You could tell if someone wrote by the way that they dressed, and Air Max 97s were part of the uniform.
By 1997, the underground movements of the early '90s had fully integrated into New York City’s cultural fabric, showing influence everywhere from westside clubs to downtown photo studios, and setting the stage for future generations of expression in fashion, art, hip-hop and club music.
"There was a lot of change happening with the internet, photoshop and things like that," notes Scott Osman, organizer of the NASA parties that crystallized NYC's rave culture. “Everyone was thinking ahead.”
While the scene might have matured by ’97, it was still very much alive with crowds flocking to venues of all sizes to hear iconic DJs spin new sounds.
"Ninety-seven was an interesting year. The style was a sport vibe... the music was expanding into sub-genres, each taking on their own energy," says Osman. The futuristic look of Air Max models the mark within that aesthic. "For a techno DJ who was based in the future, Air Max were a statement," recalls landmark NYC DJ Frankie Bones.
New York rap dominated the charts, and luxury sportswear and technical outdoor gear defined the culture’s style. This updated palette and material mix blended perfectly with the in-your-face futurism of the Silver Bullets. Legendary promoter Jessica Rosenblum saw this mix firsthand during the Sunday night parties she hosted at The Tunnel. "A huge amount of people were wearing [Air Max 97s] then,” she says. The parties became the bedrock of hip-hop nightlife in NYC and set the standard for the genre around the world. “It was the end of the leather medallion and big gold earrings phase and heading into a time when everything looked sleeker and more modern. It matched up with how the music was changing."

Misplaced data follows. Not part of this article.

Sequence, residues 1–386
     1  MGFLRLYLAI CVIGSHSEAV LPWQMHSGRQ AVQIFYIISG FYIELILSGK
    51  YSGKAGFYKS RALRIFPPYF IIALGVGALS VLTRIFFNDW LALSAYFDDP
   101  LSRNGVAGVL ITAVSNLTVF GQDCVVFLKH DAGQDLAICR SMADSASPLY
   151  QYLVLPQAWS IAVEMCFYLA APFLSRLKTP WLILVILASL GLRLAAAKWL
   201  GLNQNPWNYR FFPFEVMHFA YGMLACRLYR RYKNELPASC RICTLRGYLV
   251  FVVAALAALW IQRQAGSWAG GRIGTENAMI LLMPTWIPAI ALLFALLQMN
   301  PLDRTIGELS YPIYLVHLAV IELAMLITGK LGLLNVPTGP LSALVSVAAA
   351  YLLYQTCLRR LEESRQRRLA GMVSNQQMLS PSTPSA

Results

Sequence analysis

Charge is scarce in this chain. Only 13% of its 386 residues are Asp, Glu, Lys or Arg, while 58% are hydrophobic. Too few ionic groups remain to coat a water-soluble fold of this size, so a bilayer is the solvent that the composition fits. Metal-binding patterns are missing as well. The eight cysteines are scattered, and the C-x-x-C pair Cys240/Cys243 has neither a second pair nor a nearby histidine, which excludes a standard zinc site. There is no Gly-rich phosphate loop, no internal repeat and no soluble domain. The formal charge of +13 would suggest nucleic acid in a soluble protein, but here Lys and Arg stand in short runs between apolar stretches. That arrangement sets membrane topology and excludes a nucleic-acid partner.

This evolution was evident in the silhouette of the Air Max 97, which Eddie Cruz, co-founder of Undefeated, remembers as a major turning point in street style. “The 97s symbolized a sneaker culture shift. I had never seen a running shoe with a metallic silver 3M colorway, and to me, the Silver Bullets signified a glimpse into the future of footwear,” he says.
Nowhere was the synthesis of tech and style more evident than within New York’s graffiti scene. "You could tell if someone wrote by the way that they dressed, and Air Max 97s were part of the uniform... If I saw someone in a pair of 97s and a Gore-Tex jacket, I'd ask 'em what they write, not if they write," explains Meyhem Lauren of NYC's Smart Crew.
The AM97 also found its way into the fashion industry wardrobe (which was enjoying a period of experimentation in advanced fabrics), popping up on set and backstage. "It was a tremendously popular sneaker, a lot of people started wearing it on set," remembers photographer Christian Witkin.
Whether paired with high-tech outdoor gear or luxury sportswear, the AM97 simultaneously helped connect and define New York City’s subcultures. “When you were riding the train you would see that look a lot,” says techno pioneer Joey Beltram. “It was just the right amount of different ...it fit in with what was going on in NYC,”
With the 20th anniversary of the Air Max 97 on the horizon, the now iconic silhouette still resonates. That metalic pop and full-length Air still offers just the right level of distinction and once again is finding a regular place on the city’s subway lines.